Need a team development model for reference? Here’s all you need to know
Do you have team issues? We’ve all been there. And let me tell you, the most helpful thing you can do to solve those team issues is to understand the five stages of team development.
The Tuckman Model is a great way to start getting through any of those problems. Once you understand the five stages of team development, you can identify what your team needs to perform their best.
So, here they are, explained!
The forming stage outlines the point at which everyone has first gotten together. At this point, people are still figuring out the norms of the group and aren’t likely to openly present their new ideas. The great part about this stage is that everyone is on their best behaviour; but as a project manager, you’ve got the big responsibility of guiding everyone in the right direction. You ought to be especially mindful of this during he forming stage so you can kick off your team development on the right foot!
In the storming stage, people are starting to show their working styles. This might mean that you’ve got conflict popping up, hidden agendas coming to light, and team members challenging the person of authority. As the project manager, it’s your job to call out the ‘elephant in the room.’ And if you want to successfully get your team through this stage, you can’t be afraid to do so!
This stage is exactly what it sounds like: people have gotten past the hiccups and are becoming aware of their own activities. The clouds have parted, so to speak, and people are tackling their own tasks and responsibilities effectively. This means that team members are starting to take ownership of their responsibilities, giving the project manager an easier time with their job of managing. Norming reveals the positives of everyone working together.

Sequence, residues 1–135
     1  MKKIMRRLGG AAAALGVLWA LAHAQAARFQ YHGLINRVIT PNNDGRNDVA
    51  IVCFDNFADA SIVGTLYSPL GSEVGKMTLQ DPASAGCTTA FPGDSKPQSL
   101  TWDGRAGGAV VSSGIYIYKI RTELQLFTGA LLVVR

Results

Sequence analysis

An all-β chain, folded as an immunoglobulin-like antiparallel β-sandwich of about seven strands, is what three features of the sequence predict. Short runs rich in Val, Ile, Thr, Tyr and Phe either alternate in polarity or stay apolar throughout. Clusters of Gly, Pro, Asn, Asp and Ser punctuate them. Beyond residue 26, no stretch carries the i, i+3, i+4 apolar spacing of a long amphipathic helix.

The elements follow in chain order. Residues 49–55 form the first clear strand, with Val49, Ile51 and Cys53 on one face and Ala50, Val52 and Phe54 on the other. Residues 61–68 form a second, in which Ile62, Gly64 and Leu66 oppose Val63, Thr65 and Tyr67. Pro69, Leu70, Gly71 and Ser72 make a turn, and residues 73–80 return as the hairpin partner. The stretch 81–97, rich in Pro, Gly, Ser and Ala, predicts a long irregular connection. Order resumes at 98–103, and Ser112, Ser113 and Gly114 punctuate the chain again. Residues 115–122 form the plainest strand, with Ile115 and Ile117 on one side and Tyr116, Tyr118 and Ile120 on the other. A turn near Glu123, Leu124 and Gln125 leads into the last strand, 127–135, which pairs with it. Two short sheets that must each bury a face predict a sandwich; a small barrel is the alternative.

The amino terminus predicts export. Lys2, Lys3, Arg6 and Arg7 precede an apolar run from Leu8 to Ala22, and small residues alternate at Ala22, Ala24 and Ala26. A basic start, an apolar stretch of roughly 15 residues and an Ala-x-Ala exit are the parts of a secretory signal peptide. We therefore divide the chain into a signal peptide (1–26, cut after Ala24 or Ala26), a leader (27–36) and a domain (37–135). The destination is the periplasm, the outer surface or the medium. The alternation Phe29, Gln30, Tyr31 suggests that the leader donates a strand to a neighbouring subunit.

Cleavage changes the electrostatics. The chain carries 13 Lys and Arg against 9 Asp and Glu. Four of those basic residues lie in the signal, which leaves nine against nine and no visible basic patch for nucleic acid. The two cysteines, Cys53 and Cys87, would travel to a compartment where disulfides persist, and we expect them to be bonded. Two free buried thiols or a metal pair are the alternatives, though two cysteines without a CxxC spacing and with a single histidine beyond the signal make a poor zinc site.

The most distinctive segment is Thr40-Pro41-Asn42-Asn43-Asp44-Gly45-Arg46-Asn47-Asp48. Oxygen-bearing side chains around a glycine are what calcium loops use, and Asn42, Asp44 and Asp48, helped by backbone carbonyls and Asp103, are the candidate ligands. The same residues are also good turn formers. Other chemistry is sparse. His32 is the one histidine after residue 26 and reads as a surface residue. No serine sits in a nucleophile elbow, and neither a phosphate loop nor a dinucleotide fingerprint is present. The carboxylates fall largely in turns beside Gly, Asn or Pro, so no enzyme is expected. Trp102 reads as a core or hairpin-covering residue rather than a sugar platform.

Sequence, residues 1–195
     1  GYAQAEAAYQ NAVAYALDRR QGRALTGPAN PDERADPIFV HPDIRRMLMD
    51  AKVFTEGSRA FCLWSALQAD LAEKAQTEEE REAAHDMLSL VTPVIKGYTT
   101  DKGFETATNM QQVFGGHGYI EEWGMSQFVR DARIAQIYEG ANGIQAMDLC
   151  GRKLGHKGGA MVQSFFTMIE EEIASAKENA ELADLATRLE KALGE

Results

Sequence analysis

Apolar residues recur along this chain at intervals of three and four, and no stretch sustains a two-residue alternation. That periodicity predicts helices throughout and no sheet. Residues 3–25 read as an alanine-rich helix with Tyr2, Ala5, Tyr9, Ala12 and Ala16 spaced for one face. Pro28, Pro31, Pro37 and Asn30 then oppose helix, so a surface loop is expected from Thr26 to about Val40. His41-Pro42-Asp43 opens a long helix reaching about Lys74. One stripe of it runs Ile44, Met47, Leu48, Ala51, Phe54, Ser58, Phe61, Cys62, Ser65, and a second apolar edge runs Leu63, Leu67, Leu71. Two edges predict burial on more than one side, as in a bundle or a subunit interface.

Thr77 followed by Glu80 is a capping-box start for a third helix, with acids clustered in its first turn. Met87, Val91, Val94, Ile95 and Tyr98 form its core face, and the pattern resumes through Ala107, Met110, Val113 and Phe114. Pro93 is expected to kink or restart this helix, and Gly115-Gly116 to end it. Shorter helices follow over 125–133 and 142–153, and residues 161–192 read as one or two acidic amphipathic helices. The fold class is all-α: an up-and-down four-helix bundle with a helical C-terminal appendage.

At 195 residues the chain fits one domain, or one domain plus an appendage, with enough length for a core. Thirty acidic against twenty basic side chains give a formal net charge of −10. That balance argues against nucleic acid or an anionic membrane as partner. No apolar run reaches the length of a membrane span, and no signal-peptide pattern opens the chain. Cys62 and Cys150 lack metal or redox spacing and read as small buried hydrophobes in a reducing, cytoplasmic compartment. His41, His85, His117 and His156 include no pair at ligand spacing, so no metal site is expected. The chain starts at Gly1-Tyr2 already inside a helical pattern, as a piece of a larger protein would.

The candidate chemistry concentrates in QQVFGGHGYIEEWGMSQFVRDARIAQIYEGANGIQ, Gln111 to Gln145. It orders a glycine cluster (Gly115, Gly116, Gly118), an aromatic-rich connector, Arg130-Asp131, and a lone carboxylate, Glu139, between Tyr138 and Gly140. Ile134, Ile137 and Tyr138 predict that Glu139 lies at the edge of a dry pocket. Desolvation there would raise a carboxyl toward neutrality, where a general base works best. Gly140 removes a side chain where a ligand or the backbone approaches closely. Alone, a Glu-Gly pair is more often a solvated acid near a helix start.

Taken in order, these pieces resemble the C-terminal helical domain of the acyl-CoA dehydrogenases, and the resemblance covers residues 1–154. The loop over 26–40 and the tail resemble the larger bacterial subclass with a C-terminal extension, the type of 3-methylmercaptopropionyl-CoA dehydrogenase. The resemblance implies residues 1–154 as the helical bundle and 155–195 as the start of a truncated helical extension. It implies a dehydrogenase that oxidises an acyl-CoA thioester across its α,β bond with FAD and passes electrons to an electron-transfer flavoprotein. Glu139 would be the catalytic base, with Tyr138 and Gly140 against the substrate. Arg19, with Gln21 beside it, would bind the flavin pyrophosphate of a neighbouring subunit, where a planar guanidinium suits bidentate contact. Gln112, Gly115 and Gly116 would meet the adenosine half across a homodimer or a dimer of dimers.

Now, we get to the most beautiful part of the team development stages – the performing stage. This stage is great because at this point, everyone is synced. Team members stop thinking of themselves as individuals and start thinking of each other as a collective group, meaning that the team starts acting as one unit and individuals help each other out with things. This is an amazing stage to be in; and if you know how to effectively get through the previous stages, you’ll be able to get here!
The last stage in the model is called adjourning, which has to do with closing things off and departing on a positive note. There are many emotions and some complications that can come with this, and that’s why I want you to understand it in detail. There are also some ways you can be creative with it, cultivating an environment where departing the project doesn’t happen hastily.
I’d like to invite you over to the video I made about the five stages of team development that reviews all these stages in full, along with some ideas and tips based on my own experience for how to carry through each stage, including a helpful definition and suggestions on the stage of adjourning.
If you’ve come this far, I highly recommend you don’t stop here; take a few minutes to learn more about how to properly and effectively take your team through the five stages of team development. Spend a few minutes with me over on YouTube and we’ll finish the conversation!